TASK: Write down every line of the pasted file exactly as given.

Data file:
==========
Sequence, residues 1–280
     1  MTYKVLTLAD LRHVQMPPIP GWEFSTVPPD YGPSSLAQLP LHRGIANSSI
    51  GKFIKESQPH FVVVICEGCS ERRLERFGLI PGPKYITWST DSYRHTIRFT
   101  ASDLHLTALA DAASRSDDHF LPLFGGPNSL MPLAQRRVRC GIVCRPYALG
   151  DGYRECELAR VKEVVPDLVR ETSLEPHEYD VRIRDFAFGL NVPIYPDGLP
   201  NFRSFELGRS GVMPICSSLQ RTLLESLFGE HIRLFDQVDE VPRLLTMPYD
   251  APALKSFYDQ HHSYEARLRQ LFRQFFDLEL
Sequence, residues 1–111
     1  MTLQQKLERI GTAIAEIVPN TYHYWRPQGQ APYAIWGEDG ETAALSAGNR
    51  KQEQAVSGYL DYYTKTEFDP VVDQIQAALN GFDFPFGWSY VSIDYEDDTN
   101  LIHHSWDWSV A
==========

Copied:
Sequence, residues 1–280
     1  MTYKVLTLAD LRHVQMPPIP GWEFSTVPPD YGPSSLAQLP LHRGIANSSI
    51  GKFIKESQPH FVVVICEGCS ERRLERFGLI PGPKYITWST DSYRHTIRFT
   101  ASDLHLTALA DAASRSDDHF LPLFGGPNSL MPLAQRRVRC GIVCRPYALG
   151  DGYRECELAR VKEVVPDLVR ETSLEPHEYD VRIRDFAFGL NVPIYPDGLP
   201  NFRSFELGRS GVMPICSSLQ RTLLESLFGE HIRLFDQVDE VPRLLTMPYD
   251  APALKSFYDQ HHSYEARLRQ LFRQFFDLEL
Sequence, residues 1–111
     1  MTLQQKLERI GTAIAEIVPN TYHYWRPQGQ APYAIWGEDG ETAALSAGNR
    51  KQEQAVSGYL DYYTKTEFDP VVDQIQAALN GFDFPFGWSY VSIDYEDDTN
   101  LIHHSWDWSV A